Practice GMAT Data Sufficiency Question
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If angle ABC is 30 degrees, what is the area of triangle BCE?
 Angle CDF is 120 degrees, lines L and M are parallel, and AC = 6, BC = 12, and EC = 2AC
 Angle DCG is 60 degrees, angle CDG is 30 degrees, angle FDG = 90, and GC = 6, CD = 12 and EC = 12
Correct Answer: D
 Even though lines L and M look parallel and angle BAC looks like a right angle, you cannot make these assumptions.
 The formula for the area of a triangle is .5bh

Evaluate Statement (1) alone.
 Since EC = 2AC, EA = CA, EC = 2(6) = 12 and line AB is an angle bisector of angle EBC. This means that angle ABC = angle ABE. Since we know that angle ABC = 30, we know that angle ABE = 30. Further, since lines L and M are parallel, we know that line AB is perpendicular to line EC, meaning angle BAC is 90.
 Since all the interior angles of a triangle must sum to 180:
angle ABC + angle BCA + angle BAC = 180
30 + angle BCA + 90 = 180
angle BCA = 60  Since all the interior angles of a triangle must sum to 180:
angle BCA + angle ABC + angle ABE + angle AEB = 180
60 + 30 + 30 + angle AEB = 180
angle AEB = 60  This means that triangle BCA is an equilateral triangle.
 To find the area of triangle BCE, we need the base (= 12 from above) and the height, i.e., line AB. Since we know BC and AC and triangle ABC is a right triangle, we can use the Pythagorean theorem on triangle ABC to find the length of AB.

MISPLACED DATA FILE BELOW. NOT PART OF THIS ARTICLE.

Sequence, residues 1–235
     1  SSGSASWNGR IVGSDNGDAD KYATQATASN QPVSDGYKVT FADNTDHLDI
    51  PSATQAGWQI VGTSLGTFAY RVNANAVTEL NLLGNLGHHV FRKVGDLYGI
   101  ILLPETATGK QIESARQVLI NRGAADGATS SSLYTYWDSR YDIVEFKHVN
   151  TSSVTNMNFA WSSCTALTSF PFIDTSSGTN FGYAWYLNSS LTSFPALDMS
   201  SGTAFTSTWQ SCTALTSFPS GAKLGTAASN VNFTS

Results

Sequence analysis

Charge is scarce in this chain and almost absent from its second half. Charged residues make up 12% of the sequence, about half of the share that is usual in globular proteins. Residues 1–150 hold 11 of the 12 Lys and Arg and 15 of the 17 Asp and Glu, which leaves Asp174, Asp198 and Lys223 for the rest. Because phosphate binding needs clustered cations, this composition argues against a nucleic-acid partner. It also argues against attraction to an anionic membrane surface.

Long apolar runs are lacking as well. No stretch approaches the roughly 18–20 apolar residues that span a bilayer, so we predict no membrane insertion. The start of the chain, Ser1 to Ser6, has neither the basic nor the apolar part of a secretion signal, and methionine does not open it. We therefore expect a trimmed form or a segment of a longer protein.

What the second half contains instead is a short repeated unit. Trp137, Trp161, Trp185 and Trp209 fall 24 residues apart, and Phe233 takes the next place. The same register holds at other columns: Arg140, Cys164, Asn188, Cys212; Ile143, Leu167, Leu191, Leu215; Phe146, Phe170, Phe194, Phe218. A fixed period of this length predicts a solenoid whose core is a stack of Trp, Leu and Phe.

6^{2} + (AB)^{2} = 12^{2}
AB^{2} = 144  36 = 108
AB = 108^{1/2}  Area = .5bh
Area = .5(12)(108^{1/2}) = 6*108^{1/2}  Statement (1) is SUFFICIENT

Evaluate Statement (2) alone.
 The sum of the interior angles of any triangle must be 180 degrees.
DCG + GDC + CGD = 180
60 + 30 + CGD = 180
CGD = 90
Triangle CGD is a right triangle.  Using the Pythagorean theorem, DG = 108^{1/2}
(CG)^{2} + (DG)^{2} = (CD)^{2}
6^{2} + (DG)^{2} = 12^{2}
DG = 108^{1/2}  At this point, it may be tempting to use DG = 108^{1/2} as the height of the triangle BCE, assuming that lines AB and DG are parallel and therefore AB = 108^{1/2} is the height of triangle BCE. However, we must show two things before we can use AB = 108^{1/2} as the height of triangle BCE: (1) lines L and M are parallel and (2) AB is the height of triangle BCE (i.e., angle BAC is 90 degrees).
 Lines L and M must be parallel since angles FDG and CGD are equal and these two angles are alternate interior angles formed by cutting two lines with a transversal. If two alternate interior angles are equal, we know that the two lines that form the angles (lines L and M) when cut by a transversal (line DG) must be parallel.
 Since lines L and M are parallel, DG = the height of triangle BCE = 108^{1/2}. Note that it is not essential to know whether AB is the height of triangle BCE. It is sufficient to know that the height is 108^{1/2}. To reiterate, we know that the height is 8 since the height of BCE is parallel to line DG, which is 108^{1/2}.
 Since we know both the height (108^{1/2}) and the base (CE = 12) of triangle BCE, we know that the area is: .5*12*108^{1/2} = 6*108^{1/2}
 Statement (2) alone is SUFFICIENT.
 The sum of the interior angles of any triangle must be 180 degrees.
 Since Statement (1) alone is SUFFICIENT and Statement (2) alone is SUFFICIENT, answer D is correct.
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